6. “Buyers have changed their opinion that ‘bigger is better’ and will seek more reasonably sized homes in 2010.” The American dream will undergo some renovations in the coming year. While owning a home is still the ultimate end goal, buyers don’t have their sights set on saving up for a gaudy Gatsby mansion in West Egg. According to Hanley Wood, 6 percent of total sales exceeded $700,000 in 2009, as compared with 10 percent a year earlier. Through July 12, 2009, 980 downtown Chicago listings priced under $300,000 closed, while 262 properties in the $500,000 to $699,999 range closed. Put simply, “Sales are stronger at a lower price point,” Lissner offered.
  7. “REALTORS need to be prepared for better-educated buyers.” Lissner’s empathetic query: “Do you feel like you’re working harder for each deal?” was met with nods and grunts from the audience. She aptly responded with a blip, “It’s because you are.” Potential buyers are dilly-dallying, so much so that only 4 percent of buyers who walked in the door of a for-sale home last year actually made a purchase, according to Appraisal. While this figure increased 1 percentage point since 2008, it was down 7 percentage points from 2006. A new Illinois Association of Realtors law aims to boost buyers’ confidence by phasing out the industry’s “salespersons.” By April 30, 2012, they’ll be required to get a broker’s license in order to practice. Realtors are also taking it upon themselves to get ahead by beefing up their qualifications. Urbikas, for example, recently got her CRS—Certified Residential Specialist—which assures clients that she has, in fact, closed deals.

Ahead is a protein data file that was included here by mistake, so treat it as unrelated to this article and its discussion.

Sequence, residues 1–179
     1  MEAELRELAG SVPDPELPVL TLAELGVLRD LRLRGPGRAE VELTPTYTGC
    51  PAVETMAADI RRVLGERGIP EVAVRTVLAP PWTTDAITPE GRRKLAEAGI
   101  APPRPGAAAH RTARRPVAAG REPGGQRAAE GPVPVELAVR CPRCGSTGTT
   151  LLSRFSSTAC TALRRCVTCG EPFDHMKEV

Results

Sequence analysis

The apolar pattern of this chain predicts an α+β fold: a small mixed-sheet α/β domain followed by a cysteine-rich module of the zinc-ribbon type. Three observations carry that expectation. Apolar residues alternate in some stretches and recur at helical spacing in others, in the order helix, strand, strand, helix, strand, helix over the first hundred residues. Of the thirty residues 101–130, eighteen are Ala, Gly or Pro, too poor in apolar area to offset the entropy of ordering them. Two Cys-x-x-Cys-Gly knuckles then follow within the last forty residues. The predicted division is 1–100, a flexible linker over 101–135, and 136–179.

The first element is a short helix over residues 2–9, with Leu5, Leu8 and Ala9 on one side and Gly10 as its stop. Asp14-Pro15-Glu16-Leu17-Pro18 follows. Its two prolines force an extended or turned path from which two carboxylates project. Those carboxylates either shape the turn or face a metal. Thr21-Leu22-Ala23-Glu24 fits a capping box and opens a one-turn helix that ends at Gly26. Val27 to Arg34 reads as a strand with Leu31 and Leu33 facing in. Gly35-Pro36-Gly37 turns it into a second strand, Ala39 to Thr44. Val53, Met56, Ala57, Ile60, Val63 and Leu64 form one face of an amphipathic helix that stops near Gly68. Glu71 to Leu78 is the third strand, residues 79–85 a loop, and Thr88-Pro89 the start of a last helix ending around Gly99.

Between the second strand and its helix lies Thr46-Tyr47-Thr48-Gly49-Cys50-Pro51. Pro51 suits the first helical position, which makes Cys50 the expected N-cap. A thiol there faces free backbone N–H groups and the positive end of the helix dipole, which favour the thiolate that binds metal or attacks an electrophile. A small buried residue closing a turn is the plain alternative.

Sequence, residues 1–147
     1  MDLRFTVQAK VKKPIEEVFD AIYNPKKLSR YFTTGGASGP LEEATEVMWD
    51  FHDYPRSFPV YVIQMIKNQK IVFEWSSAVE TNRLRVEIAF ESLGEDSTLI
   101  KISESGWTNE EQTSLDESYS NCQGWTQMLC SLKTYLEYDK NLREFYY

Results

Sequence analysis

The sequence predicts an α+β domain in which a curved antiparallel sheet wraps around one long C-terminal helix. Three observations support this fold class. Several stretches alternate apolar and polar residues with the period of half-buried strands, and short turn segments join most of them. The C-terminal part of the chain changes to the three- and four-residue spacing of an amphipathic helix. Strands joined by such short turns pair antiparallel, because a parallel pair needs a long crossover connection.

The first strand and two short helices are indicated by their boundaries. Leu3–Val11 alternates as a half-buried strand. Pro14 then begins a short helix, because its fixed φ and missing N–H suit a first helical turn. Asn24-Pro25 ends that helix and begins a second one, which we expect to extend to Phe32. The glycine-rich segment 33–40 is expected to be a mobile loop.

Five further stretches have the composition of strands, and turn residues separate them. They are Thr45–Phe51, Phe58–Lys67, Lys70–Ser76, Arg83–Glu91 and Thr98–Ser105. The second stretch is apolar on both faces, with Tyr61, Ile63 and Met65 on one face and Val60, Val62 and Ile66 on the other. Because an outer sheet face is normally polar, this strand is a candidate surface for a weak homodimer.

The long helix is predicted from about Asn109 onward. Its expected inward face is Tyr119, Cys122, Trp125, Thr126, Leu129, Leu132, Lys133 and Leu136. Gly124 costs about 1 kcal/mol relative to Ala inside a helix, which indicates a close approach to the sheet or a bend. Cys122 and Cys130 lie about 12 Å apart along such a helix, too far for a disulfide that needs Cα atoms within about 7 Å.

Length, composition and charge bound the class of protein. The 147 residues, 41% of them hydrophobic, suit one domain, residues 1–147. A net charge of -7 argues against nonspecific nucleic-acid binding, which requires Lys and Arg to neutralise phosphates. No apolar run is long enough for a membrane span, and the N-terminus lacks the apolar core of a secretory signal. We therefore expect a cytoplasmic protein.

8. “Aging Chicago homebuyers will want more one-story, ranch-style detached homes or maintenance-free condos.” Arizona and Florida might have to capitulate their undefeated “retiree capital” titles. Chicago retirees who would have sold their residences to buy in a milder climate will nix their plans because the value of their existing home will drop to a no-profit point. “Houses aren’t moving in Arizona and Florida,” Hewings explained. “It’s awful because the volume of retirees has slowed down.”
  9. “Market demand will continue to create opportunities for short-sale experts.” Short sales, foreclosures and real estate owned sales for single-family residences in Chicago and the metro area comprised a staggering 50 percent of total real estate deals completed in 2009, according to MRED LLC. Michael Hart of Hanley Wood Market Intelligence predicts an even higher number of such sales in 2010 and admonishes brokers to become “well-versed” in such transactions. “They need that designation behind their name,” Hart forewarned.
  10. “The commercial outlook will brighten as vacancies fill gradually and commercial financing continues to improve.” Because new construction has all but ceased, few new empty spaces will be added to the market, according to Joe Cosenza, vice chairman of Inland Real Estate Group of Properties Inc. Apartment brokers will fill vacant spaces with the help of incentives and the expected price stabilization. The concept of “office space” may become obsolete for those who can operate their business from an iPhone. But, he couldn’t say with confidence what will transpire in the industrial sector. As for his understanding of commercial real estate financing, Cosenza used no euphemisms.

“A year ago….Sh*t.”
“Six months ago….Crap.”
“Today….A little better than crap, unless you’re big.”